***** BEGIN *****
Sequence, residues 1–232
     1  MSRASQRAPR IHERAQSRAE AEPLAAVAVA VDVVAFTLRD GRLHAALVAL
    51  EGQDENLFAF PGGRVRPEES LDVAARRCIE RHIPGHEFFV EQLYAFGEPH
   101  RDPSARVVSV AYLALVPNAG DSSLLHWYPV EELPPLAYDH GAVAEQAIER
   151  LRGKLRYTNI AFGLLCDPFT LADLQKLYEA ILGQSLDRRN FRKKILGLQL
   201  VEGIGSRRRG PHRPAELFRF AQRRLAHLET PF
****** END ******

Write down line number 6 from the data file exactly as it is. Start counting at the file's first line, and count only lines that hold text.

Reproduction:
   201  VEGIGSRRRG PHRPAELFRF AQRRLAHLET PF